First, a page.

FROM Judy Baca
Art, Politics and the History of Downtown Los Angeles America Tropical is emerging again on the second-floor wall of the Old Italian Hall on Olvera Street in downtown Los Angeles. It was painted by the Mexican muralist David Alfaro Siqueiros in 1932, sponsored by an Olvera Street booster named Christine Sterling. But she and the rest of the city's elite were so shocked by the picture that they whitewashed it section by section until it disappeared. Now the Getty Conservation Institution has almost completed the restoration . KCRW's Saul Gonzalez has the story. (Voices of Leslie Rainer, Getty Conservation Institute; Carmen Muñoz, Olvera Street merchant; and Chris Espinosa, General Manager of El Pueblo.)
A Tangle Of Art and Bureaucracy over LA’s Murals Last December, an 18-by-45 foot mural appeared on a wall near the corner of Cesar Chavez Boulevard and Breed Street in the heart of Boyle Heights. But in January, the City’s Department of Building and Safety ordered the building owner to paint it over or face a possible fine and even some time in jail. He did what he was told without telling the artists.
White House budget proposal slashes and burns President Trump's first budget request is considered dead on arrival in Congress — a familiar development in Capitol Hill. We hear what it reveals about the priorities of the new administration. What's likely to die… and what might survive?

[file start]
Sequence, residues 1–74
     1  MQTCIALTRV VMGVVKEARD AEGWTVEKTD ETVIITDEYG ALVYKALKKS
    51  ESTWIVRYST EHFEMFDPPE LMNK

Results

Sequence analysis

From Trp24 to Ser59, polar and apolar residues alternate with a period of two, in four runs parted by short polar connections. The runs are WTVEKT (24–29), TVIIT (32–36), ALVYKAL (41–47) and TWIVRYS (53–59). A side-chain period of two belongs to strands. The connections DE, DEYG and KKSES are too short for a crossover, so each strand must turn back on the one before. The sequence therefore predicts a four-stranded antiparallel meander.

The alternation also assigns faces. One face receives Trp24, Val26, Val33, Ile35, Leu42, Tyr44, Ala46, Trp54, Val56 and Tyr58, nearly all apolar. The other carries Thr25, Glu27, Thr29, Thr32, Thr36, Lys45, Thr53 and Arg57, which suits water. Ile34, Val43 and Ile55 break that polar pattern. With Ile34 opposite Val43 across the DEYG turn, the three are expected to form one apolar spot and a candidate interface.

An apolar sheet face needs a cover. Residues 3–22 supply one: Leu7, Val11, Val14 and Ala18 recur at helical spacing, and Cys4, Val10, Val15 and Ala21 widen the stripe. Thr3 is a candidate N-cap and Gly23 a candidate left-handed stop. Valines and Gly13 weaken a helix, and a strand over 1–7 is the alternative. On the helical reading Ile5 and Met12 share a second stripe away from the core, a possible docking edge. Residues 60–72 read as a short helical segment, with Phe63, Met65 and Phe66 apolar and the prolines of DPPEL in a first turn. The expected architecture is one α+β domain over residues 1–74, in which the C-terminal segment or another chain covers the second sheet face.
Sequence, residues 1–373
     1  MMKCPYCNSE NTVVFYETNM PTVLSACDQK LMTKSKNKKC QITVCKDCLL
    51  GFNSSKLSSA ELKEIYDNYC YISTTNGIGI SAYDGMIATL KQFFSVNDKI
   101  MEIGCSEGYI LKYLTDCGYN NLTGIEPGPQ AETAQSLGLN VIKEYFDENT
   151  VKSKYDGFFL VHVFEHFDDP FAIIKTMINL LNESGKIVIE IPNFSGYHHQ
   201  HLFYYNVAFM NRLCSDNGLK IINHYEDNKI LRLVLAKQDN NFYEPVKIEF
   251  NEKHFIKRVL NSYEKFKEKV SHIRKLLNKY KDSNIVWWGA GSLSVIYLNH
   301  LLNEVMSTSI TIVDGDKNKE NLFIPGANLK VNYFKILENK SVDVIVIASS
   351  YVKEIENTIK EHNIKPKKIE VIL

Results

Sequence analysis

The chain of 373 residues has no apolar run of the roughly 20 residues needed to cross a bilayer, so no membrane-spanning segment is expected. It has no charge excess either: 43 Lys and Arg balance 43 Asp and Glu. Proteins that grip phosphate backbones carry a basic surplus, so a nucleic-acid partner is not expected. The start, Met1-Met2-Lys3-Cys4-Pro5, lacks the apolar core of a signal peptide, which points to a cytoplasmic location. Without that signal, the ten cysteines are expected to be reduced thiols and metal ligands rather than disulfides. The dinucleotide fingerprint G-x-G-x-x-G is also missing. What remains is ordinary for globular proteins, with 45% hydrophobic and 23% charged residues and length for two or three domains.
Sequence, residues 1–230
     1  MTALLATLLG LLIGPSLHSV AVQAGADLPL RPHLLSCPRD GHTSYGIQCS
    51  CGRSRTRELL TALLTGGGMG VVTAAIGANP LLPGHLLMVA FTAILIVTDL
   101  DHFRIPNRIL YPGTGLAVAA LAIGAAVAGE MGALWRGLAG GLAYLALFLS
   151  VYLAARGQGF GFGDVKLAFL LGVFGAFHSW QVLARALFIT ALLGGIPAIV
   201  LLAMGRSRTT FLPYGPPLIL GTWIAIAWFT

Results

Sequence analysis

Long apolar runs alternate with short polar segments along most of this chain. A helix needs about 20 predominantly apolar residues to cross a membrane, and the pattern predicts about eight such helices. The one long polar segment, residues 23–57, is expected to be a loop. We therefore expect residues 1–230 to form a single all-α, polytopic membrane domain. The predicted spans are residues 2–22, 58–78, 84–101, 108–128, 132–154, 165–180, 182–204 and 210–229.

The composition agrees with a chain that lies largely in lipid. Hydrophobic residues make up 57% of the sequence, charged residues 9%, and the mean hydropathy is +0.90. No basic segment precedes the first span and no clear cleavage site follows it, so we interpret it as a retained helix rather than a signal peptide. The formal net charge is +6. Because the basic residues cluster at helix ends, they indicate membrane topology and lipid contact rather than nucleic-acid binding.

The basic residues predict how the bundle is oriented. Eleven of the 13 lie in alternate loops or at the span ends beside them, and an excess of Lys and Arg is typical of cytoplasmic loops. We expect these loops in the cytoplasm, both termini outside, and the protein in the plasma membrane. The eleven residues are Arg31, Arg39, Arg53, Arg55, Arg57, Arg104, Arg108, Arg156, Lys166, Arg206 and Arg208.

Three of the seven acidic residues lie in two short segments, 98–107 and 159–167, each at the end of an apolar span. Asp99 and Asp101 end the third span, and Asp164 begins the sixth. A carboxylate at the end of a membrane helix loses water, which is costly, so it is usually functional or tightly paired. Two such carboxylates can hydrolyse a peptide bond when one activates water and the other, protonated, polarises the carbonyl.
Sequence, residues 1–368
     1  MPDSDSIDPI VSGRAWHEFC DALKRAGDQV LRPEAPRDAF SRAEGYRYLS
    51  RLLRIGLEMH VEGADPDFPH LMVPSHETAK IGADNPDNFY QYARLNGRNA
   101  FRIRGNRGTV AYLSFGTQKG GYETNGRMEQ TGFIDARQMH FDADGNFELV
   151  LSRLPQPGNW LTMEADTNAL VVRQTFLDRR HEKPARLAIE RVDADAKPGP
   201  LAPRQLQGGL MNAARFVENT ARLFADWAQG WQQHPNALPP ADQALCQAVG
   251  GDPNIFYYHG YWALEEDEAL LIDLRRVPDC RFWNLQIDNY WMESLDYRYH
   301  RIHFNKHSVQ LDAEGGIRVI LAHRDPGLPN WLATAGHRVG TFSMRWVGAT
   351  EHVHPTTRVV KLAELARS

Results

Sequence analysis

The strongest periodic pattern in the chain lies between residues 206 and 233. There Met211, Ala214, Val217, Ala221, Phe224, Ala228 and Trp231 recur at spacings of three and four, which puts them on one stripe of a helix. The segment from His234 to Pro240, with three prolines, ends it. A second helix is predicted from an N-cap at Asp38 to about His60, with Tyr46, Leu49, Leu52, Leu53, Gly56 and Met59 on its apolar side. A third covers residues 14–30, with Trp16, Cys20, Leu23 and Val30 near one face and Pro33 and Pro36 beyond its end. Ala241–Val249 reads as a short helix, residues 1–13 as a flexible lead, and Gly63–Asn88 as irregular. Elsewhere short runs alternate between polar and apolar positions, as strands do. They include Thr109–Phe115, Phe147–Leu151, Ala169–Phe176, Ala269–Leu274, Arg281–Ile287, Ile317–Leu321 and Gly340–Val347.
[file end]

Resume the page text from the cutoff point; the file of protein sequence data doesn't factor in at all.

Trump plays scolder-in-chief with NATO allies At the opening of NATO’s dramatic new headquarters in Brussels today, President Trump acknowledged that Article 5 — promising that “an attack on one nation is an attack on all” -- has only been invoked one time: in the aftermath of September 11. But the President failed to provide what 27 other Alliance members have been waiting for: a re-commitment by America’s new leader to Article 5. Instead, they got a scolding.
What is Trump's plan for Middle East peace? On his first foreign tour, President Trump has promised "peace" between Israel and the Palestinians. Are there any details for re-starting talks that have been stalled for the past three years?
Who's to blame for the opioid crisis? Some of the lawyers who took on Big Tobacco are now going after Big Pharma. It’s all about the deadly epidemic of opioid use. Are the drug companies to blame? What about the users? Later, on today’s Talking Point: making sense of Britain’s upset election.